Some apps are still selling your info to advertisers

“It’s out of control,” Norwegian Consumer Council warns

You can never be too sure about apps these days. You might think you’re just using them to communicate or play games, but they actually turn out to be gathering your personal data. A new study released by the nonprofit organization Norwegian Consumer Council found that many popular apps were selling info as sensitive as location, sexual orientation, and IP addresses to advertisers, violating the European Union’s General Data Protection Regulation law and fundamental rights and freedoms.

According to the study, both Tinder and Grindr sent GPS coordinates and gender preferences to advertisers, risking their users’ privacy. “The dating app Grindr shared detailed user data with a large number of third parties that are involved in advertising and profiling. This data included IP address, Advertising ID, GPS location, age, and gender,” the study noted.

Your dating life is no longer as private as you think. Moreover, Tinder’s privacy policy stated that the data of users who signed up for its services may be shared by its parent company, Match Group, with at least 45 dating-related businesses including OkCupid,, and PlentyOfFish—even if they never signed up for these sites. “The sharing of personal data between Match group subsidiaries is also problematic, and fails to respect the data protection principle of purpose limitation,” the research said.

Nosy photo editing apps know your location. Perfect365 is a popular app for those who want to look their best for the ‘gram. But it doesn’t value its users’ safety—it sold people’s GPS coordinates, Wi-Fi access points, and advertising identification without them even knowing. “The makeup app Perfect365 shared user data with more than 70 third parties. This data included the Advertising ID, IP address, and GPS location. Many of the third parties that were receiving this data are in the business of collecting, using and selling location data for various commercial purposes,” the council warned.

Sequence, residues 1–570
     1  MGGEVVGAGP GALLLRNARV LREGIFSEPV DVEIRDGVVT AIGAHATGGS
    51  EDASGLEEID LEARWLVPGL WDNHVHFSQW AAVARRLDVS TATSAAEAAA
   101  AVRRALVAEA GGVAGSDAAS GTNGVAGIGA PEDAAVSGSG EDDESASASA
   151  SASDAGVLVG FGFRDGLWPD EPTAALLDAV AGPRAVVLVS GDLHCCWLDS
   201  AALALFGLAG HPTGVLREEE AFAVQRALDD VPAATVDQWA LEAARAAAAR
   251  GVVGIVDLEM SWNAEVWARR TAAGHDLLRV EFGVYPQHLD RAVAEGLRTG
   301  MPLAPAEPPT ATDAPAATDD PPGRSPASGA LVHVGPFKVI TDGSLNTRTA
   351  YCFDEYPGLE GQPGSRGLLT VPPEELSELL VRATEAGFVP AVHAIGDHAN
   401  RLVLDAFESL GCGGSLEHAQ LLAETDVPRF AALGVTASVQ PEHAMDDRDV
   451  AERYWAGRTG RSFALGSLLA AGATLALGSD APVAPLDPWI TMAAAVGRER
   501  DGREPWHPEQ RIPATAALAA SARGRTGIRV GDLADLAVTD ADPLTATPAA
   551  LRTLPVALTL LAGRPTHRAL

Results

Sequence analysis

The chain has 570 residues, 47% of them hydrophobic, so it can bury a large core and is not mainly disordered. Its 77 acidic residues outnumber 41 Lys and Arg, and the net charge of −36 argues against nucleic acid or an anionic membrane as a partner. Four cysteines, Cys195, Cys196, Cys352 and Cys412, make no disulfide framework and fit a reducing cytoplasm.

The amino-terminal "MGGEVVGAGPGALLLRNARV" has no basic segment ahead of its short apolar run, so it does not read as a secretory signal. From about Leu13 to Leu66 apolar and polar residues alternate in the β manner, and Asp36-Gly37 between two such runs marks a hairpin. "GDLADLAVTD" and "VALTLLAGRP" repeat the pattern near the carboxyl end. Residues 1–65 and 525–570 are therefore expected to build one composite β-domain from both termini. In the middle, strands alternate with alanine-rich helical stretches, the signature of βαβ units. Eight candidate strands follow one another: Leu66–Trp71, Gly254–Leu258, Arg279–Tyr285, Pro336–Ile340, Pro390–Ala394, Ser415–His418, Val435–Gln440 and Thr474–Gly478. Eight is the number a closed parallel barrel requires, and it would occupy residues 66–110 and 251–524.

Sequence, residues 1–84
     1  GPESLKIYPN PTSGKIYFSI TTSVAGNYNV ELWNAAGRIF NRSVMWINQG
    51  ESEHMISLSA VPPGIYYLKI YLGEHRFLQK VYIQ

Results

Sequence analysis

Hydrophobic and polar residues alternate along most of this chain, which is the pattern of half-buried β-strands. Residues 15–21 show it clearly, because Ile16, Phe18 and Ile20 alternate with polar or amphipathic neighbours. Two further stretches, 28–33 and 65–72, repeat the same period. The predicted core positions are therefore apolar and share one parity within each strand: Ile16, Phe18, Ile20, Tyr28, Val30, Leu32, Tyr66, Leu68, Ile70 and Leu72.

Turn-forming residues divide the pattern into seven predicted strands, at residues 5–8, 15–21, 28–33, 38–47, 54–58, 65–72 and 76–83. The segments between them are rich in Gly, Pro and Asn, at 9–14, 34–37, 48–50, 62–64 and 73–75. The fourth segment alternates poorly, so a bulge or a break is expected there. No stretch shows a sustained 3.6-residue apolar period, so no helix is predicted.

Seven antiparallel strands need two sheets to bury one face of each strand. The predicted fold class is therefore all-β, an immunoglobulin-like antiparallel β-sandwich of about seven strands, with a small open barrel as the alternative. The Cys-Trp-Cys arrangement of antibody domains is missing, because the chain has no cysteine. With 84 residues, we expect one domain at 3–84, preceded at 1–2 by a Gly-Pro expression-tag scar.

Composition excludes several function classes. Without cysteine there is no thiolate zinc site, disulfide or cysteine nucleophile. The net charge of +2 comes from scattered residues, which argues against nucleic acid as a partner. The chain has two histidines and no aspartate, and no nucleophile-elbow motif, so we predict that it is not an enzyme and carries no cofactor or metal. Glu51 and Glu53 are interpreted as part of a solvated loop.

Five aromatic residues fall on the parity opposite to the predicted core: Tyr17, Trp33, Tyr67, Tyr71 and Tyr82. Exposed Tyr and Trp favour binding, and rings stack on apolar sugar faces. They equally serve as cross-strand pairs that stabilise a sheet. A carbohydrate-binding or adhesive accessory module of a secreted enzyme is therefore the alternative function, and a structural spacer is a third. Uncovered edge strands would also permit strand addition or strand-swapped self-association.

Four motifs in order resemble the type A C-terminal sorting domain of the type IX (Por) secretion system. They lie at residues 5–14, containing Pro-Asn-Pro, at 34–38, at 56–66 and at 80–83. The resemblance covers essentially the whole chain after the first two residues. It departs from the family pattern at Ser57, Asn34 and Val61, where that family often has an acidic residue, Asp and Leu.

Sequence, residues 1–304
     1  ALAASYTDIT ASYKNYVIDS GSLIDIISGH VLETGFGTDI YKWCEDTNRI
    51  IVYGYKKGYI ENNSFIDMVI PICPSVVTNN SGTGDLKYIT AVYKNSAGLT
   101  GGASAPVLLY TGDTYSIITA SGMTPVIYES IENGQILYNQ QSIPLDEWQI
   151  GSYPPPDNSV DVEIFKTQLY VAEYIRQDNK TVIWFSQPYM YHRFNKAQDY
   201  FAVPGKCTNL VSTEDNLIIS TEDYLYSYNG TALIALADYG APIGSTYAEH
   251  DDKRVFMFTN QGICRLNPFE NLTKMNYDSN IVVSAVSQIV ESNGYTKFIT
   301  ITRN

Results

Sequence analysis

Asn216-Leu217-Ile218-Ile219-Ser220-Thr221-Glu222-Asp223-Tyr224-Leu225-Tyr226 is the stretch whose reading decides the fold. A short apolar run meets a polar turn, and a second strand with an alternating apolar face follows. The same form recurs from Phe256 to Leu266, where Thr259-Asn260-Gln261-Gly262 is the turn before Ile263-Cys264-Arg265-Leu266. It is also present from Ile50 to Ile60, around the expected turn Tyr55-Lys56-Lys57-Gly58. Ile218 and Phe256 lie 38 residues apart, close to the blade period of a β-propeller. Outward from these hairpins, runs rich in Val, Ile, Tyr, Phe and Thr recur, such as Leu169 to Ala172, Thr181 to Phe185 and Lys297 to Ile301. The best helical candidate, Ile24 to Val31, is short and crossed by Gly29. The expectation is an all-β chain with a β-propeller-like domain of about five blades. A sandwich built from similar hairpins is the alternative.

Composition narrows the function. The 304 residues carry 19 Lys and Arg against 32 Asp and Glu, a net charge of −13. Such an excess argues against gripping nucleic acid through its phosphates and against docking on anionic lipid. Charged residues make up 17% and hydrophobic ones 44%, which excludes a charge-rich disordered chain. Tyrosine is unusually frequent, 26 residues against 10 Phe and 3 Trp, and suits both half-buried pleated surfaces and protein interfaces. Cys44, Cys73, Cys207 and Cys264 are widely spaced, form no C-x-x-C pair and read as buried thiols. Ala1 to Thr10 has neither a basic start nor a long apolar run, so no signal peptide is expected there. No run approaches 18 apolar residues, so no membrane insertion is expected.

Kids are vulnerable to inappropriate ads. Sketchy children’s entertainment is one of the greatest fears of many parents in the digital age—for a good reason. The app My Talking Tom 2, where users can care for a virtual pet cat that repeats words they speak into the mic, was found to have shared people’s IP address and location to third parties. “When using the app, in-app advertising pops up periodically regardless of the age of the user,” the nonprofit added.

Despite all these security threats online, taking out the plug and avoiding exposure to apps aren’t fully feasible. The best that you can do is to stay vigilant and take the necessary steps to protect yourself against nosy third parties.

You should take note of the permissions the app asks for during installation and determine if these are within reason. For instance, if a photo-editing tool requests to access your location, then think twice about using this app. More importantly, make sure to research the app developer so you can check their commitment to their users’ privacy and the extra steps they take to respect and protect their data.

For a digital experience that’s guaranteed to be safe, use apps that are committed to security and privacy like Viber. Every chat here is encrypted end-to-end, meaning that it’s virtually impossible for anyone, even Viber itself, to read or even listen to your exchanges with people. This also means that the app cannot sell your conversational data to third parties and advertisers.

Unlike the platforms singled out by the Norwegian Consumer Council, Viber proves that it’s possible to provide quality services without compromising and exploiting user privacy.


Press release distributed by EloQ Communications.

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